In the Athens of the 4th century BC, issues about the taxation of independent contractors would have been inconceivable. In that society, after all, workers were either slave or free; that distinction, not contractor versus employee status, was the key one in a slave-holding society.
It was in the Athens of that time, however, that key concepts and categories arose that still influence thinking about all sorts of issues today. One of those concepts is the distinction between "substance" and "accident."
In this post, we will apply that distinction to the ongoing debate about worker classification for tax purposes.
It’s been about a month since we last wrote about the issue of worker classification. In our October 18 post, we noted the job shift toward more independent contractors. This shift, as we noted, is driven by many other factors besides the financial incentive companies have to avoid paying more employment taxes than they really have to.
Of course, the IRS has its own financial incentives. Because Congress has not modernized the tax code to reflect the shift toward more use of contractors, the IRS keeps trying to catch employers who are supposedly misclassifying employees as independent contractors.
But the rules about how to distinguish employees from contractors are difficult to understand. Traditionally, under the common law, there was a multi-factor balancing test involved in making the distinction. Building on that tradition, the IRS has no fewer than 20 factors that can be used in assessing a worker’s classification status.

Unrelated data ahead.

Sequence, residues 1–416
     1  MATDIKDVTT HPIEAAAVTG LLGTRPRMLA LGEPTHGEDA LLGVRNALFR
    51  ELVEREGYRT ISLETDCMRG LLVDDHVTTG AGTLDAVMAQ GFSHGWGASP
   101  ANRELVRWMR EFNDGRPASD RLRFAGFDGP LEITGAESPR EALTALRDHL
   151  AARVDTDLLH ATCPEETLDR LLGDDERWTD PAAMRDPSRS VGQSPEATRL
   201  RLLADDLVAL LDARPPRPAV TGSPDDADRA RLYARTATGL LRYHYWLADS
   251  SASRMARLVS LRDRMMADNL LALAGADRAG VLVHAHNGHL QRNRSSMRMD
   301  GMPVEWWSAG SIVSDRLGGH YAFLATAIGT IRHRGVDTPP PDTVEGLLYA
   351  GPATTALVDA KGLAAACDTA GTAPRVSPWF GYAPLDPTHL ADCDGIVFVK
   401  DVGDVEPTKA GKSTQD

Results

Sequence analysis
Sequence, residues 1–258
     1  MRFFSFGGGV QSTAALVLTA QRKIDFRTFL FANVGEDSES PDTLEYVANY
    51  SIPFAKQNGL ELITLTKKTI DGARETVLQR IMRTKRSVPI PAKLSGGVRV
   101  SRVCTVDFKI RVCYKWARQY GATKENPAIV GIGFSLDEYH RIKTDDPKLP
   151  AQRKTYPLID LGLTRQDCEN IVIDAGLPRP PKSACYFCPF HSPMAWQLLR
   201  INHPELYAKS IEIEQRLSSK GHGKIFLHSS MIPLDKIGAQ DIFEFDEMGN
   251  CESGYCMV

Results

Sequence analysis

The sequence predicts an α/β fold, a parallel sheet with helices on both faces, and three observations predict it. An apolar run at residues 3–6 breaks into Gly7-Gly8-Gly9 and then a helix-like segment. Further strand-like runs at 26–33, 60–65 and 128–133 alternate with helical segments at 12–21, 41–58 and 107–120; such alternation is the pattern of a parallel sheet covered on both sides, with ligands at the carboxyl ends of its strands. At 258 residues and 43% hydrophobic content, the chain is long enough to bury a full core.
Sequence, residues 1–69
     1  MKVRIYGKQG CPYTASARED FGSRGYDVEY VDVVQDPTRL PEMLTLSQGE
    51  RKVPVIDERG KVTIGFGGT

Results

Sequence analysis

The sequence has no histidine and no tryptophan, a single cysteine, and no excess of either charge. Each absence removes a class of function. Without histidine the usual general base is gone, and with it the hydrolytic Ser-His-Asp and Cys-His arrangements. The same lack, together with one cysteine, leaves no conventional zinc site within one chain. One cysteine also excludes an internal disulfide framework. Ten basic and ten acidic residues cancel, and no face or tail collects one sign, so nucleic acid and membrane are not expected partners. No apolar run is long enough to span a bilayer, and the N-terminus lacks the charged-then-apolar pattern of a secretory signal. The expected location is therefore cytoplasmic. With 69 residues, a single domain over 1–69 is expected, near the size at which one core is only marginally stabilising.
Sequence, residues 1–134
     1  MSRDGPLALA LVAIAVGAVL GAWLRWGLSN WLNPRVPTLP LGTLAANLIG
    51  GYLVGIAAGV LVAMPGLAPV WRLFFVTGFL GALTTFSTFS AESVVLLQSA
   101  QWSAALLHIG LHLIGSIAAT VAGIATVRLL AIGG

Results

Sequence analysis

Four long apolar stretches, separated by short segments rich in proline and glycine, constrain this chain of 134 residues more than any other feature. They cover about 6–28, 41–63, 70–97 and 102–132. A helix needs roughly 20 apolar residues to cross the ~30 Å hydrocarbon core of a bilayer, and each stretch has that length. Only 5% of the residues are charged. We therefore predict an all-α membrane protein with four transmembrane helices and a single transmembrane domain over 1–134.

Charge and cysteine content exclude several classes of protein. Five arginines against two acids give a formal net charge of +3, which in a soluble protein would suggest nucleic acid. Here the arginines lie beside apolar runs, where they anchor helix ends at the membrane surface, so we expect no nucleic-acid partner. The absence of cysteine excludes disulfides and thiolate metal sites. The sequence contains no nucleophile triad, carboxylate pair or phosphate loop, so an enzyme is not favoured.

To make sense of those factors, the distinction between “substance” and “accident” articulated so well by Aristotle in ancient Athens can be helpful. After all, when all of the factors have been analyzed, much comes down to the substance of the relationship between the worker and the employer.
Individual facts, such as whether a worker is on or off of a work site, are not determinative on their own. In today’s economy, a full-time employee could work offsite while a contractor works onsite. These facts are important, but are “accidental” in terms of describing the substance or essence of the relationship.
Source: Forbes, "'Independent' Contractors--And Many That Aren't--Shape Work Today," Robert W. Wood, Nov. 11, 2013